Bergeron became just the fourth Bruin to reach the mark, joining Hall of Famers Ray Bourque (1,506), Johnny Bucyk (1,339) and Phil Esposito (1,012).

    UP NEXT

    Hurricanes: Host the Calgary Flames.

    Bruins: Host the Tampa Bay Lightning.

    Predators postpone 2 games due to Nashville water main break

    Isaiah J. Downing-USA TODAY Sports
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    NASHVILLE, Tenn. —  The Nashville Predators postponed two home games because of a water main break that soaked their downtown arena.

    Hours after the Predators decided they couldn’t play against the Colorado Avalanche, the team announced it also postponed the game against the Columbus Blue Jackets. Makeup dates for the two games will be announced later.

    The NHL said the water main break that occurred “significantly impacted the event level” of Bridgestone Arena. Team locker rooms and the ice surface are on the event level.

    Predators President and CEO Sean Henry told reporters that the water in the event level ranged from 3 inches to 3 feet.

    “We’re assessing it right now. We’re remediating it,” Henry said. “The good thing is, the water got shut off, the city responded in a pretty fast manner. I don’t think anyone is ready for things like this the Friday after Thanksgiving.”

    Video posted by a WTVF-TV reporter shows the water puddled up on the main floor’s concourse area and the team store. The team was forced to close the store until further notice, pointing shoppers online for Black Friday specials.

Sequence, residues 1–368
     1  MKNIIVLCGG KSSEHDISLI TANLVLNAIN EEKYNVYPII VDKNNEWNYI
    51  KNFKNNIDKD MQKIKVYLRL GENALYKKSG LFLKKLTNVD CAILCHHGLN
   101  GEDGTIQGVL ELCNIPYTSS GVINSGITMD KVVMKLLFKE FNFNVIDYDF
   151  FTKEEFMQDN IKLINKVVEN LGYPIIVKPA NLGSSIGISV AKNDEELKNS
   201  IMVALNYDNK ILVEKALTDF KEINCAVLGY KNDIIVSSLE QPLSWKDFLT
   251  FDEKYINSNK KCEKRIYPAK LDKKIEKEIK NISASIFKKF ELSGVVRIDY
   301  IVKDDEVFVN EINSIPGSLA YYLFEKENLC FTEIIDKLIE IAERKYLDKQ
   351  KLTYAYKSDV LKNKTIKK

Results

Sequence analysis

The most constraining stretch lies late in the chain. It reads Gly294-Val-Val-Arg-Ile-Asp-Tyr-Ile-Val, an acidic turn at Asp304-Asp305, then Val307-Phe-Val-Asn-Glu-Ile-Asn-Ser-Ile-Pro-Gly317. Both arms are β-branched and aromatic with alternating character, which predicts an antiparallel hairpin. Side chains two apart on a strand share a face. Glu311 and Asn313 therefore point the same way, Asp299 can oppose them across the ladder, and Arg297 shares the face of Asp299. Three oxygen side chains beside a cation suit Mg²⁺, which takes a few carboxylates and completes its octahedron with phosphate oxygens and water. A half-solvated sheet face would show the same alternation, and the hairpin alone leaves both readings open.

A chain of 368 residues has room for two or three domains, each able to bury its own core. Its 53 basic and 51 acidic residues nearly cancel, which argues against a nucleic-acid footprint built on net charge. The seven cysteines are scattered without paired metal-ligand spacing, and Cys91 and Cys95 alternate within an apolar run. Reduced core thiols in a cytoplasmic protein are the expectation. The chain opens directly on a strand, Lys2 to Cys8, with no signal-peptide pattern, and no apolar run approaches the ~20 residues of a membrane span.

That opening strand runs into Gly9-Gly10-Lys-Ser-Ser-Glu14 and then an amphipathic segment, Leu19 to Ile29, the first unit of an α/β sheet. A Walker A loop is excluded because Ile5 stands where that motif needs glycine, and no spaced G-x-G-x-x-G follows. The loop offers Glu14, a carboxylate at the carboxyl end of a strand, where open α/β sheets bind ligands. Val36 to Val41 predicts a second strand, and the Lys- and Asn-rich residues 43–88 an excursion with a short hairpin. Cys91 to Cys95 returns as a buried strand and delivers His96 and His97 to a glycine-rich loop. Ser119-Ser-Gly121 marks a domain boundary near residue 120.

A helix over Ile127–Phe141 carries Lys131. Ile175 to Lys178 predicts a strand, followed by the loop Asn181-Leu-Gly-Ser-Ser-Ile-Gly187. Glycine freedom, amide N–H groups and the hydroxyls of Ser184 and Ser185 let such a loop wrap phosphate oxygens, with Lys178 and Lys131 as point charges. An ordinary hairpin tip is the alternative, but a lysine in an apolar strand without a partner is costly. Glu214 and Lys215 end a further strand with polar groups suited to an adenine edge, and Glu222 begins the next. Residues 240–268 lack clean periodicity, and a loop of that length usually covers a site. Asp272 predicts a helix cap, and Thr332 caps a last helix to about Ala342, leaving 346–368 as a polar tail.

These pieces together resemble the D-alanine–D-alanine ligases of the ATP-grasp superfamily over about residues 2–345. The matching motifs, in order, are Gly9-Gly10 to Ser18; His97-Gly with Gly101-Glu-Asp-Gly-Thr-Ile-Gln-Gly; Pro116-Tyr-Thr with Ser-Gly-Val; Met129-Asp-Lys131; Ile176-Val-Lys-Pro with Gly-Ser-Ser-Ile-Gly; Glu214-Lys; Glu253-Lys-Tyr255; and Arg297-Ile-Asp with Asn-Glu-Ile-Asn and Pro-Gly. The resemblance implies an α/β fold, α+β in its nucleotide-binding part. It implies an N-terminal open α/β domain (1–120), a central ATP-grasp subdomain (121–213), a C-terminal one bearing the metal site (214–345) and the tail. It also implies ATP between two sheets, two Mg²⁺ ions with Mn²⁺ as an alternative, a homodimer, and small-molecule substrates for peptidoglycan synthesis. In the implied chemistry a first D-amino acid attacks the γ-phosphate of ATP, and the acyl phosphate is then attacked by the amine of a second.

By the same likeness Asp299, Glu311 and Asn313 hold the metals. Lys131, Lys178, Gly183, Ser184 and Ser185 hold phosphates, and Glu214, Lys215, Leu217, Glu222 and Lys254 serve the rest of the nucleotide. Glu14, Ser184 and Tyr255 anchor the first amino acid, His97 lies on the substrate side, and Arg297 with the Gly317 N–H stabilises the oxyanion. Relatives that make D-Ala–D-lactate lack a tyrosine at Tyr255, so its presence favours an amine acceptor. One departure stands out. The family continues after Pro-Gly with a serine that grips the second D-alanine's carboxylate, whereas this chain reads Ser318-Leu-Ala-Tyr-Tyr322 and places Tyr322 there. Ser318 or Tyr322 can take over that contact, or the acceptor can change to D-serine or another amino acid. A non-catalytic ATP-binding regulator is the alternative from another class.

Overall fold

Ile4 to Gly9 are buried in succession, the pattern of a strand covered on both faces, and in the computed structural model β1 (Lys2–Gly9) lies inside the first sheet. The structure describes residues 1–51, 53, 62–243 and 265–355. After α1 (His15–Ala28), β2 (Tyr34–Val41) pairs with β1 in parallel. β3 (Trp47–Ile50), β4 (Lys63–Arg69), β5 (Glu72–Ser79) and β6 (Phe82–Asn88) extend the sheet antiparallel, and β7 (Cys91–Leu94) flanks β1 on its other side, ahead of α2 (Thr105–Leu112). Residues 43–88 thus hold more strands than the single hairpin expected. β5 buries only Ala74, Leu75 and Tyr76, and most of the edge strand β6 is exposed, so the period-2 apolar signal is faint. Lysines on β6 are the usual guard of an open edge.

The Predators’ next home game is now scheduled for Tuesday against the Anaheim Ducks.

    The water issue also resulted in a switch to a different venue for a college hockey game between Northeastern and Western Michigan. They also had been scheduled to play at Bridgestone Arena, a game that was moved to Ford Ice Center Bellevue.

    Rangers trade Ryan Reaves to Wild for 5th-round pick in 2025

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    ST. PAUL, Minn. — The New York Rangers traded enforcer Ryan Reaves to the Minnesota Wild for a 2025 fifth-round pick.

    Reaves had been a healthy scratch for eight of the past 12 games for the Rangers. He gives struggling Minnesota some extra muscle and a veteran presence.

    The 35-year-old is signed through only the rest of this season at a $1.75 million salary cap hit. He has no points and 12 penalty minutes in 12 games of his second season with New York.

    Reaves has played in 869 NHL regular-season and playoff games for the St. Louis Blues, Pittsburgh Penguins, Vegas Golden Knights and Rangers. He was with the Golden Knights during their inaugural season in 2017-18 when the reached the Stanley Cup Final.

    Toronto’s Morgan Rielly placed on long-term injured reserve

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    TORONTO — The Toronto Maple Leafs placed defenseman Morgan Rielly on long-term injured reserve with a knee injury.

    Rielly was hurt in a collision with with New York forward Kyle Palmieri early in the third period of Toronto’s 3-2 overtime loss to the Islanders at home.

    Rielly has no goals and 16 assists in 20 games this season and is averaging 23 minutes of ice time.

    Leafs coach Sheldon Keefe said following practice that the 28-year-old Rielly doesn’t need surgery, adding there’s no firm timeline for his return beyond the minimum 24 days and 10 games required for going on long-term injured reserve.

    Toronto’s defense is also missing Jake Muzzin with a neck injury and T.J. Brodie with an injured oblique.